This post written by the author, Matt Weiss of Please Be Nice To Sharks gives us a little more insight on how we can help with the conservation of sharks, and protect them from becoming extinct.
While scientists haven't determined an exact measurement of how quickly sharks are disappearing, they are almost all in agreement that shark populations have been drastically reduced over the past few decades. There are many factors involved, but overfishing and pollution are two serious issues affecting shark conservation. If you want to be nice to sharks, helping reduce the effects of these environmental issues is a great place to start.
How To Help Sharks – Overfishing
Sharks, for the most part, are not considered to taste good. You'd be hard pressed to find a top chef yearning for the flavours of shark meat. Due to this, many find it surprising that sharks are overfished. However, there is one part of the shark that is considered a delicacy, despite, by almost all accounts, it not having any flavour – the fin. Shark fin soup is an expensive dish served largely at ceremonies and important functions in parts of China and at some Chinese food restaurants. Some scientists estimate that a staggering 79 million sharks a year are fished for shark fin soup. Recently, more people have become aware of damaging the demand for shark fins has been to shark populations, and there are some laws that outlaw "finning," but shark fin soup remains the biggest threat to shark survival.
Another reason shark populations are decreasing is that sharks are often caught accidentally, as what it is referred to as by-catch. Large fishing vessels that are targeting certain open ocean species, like tuna, will cast lines or nets that are miles long. This gear is not only really good at catching the desired species, but also lots of other animals, including sharks, turtles, dolphins, and seabirds. These unwanted species are usually discarded overboard and if they are not already dead, they are left to die a fairly inhumane death.
It's easy to see why the most important way you can help sharks is by eating sustainably. It goes without saying that you should never eat shark, but also be conscious about all seafood you're eating. If you're concerned about sharks, take a look at seafood guides like the Monterey Bay Aquarium's "Seafood Watch" and educate your family about the importance of eating sustainably. Overfishing is one of the biggest threats to sharks, and will be an even more important issue for the next generation.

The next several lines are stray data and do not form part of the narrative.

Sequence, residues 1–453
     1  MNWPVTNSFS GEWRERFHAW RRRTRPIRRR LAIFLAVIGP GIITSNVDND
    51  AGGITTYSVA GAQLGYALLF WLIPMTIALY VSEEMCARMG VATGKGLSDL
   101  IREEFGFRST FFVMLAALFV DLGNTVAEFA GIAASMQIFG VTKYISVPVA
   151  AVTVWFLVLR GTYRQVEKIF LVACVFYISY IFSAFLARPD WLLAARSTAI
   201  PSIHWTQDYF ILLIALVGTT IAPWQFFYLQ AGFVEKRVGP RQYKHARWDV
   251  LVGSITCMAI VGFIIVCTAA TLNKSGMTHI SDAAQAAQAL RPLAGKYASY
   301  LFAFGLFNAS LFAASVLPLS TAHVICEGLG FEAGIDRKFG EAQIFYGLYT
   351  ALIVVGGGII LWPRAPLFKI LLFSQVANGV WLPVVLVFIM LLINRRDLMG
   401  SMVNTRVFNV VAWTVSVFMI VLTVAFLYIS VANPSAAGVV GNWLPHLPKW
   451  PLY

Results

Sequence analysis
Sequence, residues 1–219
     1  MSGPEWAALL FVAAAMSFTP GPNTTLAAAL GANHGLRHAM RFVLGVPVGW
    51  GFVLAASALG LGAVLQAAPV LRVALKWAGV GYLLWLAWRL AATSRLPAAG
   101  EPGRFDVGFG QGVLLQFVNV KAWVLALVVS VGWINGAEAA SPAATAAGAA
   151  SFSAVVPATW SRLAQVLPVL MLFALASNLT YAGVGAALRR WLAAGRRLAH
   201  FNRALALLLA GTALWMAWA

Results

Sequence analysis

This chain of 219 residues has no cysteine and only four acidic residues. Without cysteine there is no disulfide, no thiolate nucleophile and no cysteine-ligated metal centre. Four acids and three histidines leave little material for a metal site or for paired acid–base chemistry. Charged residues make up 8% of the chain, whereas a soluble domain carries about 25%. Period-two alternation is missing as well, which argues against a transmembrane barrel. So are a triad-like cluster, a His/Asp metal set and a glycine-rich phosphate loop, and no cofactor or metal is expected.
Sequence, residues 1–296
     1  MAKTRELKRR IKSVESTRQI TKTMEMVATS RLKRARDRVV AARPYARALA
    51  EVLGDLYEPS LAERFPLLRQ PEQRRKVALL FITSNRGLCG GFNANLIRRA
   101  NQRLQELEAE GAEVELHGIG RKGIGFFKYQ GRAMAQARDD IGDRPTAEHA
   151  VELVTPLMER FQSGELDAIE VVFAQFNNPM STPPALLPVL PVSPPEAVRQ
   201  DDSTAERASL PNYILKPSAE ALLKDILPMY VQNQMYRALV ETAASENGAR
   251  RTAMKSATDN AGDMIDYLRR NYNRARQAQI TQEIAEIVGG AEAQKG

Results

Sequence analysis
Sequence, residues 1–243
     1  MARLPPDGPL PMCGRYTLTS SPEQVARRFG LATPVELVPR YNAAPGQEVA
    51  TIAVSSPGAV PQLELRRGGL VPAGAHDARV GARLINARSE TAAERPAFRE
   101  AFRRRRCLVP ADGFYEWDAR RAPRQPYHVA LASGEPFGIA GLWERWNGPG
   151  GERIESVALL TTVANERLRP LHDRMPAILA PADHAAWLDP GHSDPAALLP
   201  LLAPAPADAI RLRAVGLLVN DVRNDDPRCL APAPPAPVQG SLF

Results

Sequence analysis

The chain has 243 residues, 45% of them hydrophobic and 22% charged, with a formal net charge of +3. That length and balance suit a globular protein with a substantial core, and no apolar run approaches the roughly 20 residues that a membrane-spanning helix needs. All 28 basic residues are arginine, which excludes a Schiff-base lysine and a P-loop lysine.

How To Help Sharks – Pollution
Pollution is a real threat to the ocean, and therefore, a threat to sharks. All over the world, lots of human waste ends up in the ocean. Unfortunately, we treat the ocean like a big dumping ground. A major problem is industrial run-off - untreated sewage, fertilizer from farms, oil spills from boats, and all types of harmful chemicals - but household garbage is a major issue as well. Large parts of the ocean are covered in trash, and there is perhaps no worse offender than plastics. Plastics decompose very slowly, so when plastic products wind up in the ocean, they will be there for a very long time. What's worse is that many plastic items look a lot like food to some sea animals, such as sea turtles (a major food source of sharks), and are often found inside the body of these animals restricting breathing passages. A particularly disturbing fact is that there's a large garbage "patch" referred to as "The Great Pacific Garbage Patch" floating in the Pacific Oceans that is reported to be anywhere from the size of Texas to as a big as twice the size of the continental United States! It's safe to say plastics are a real ocean problem. Want to be nice to sharks? Help cut down on pollution, but making sure you dispose of your garbage properly, and cut down on your plastic use. One easy way to minimize plastic consumption is to bring a reusable canvas bag to the grocery store, rather than getting plastic bags.
I hope Please Be Nice To Sharks will help you feel a little more sympathetic to sharks and that you'll help these beautiful animals by eating sustainably and doing your part to keep the ocean clean.
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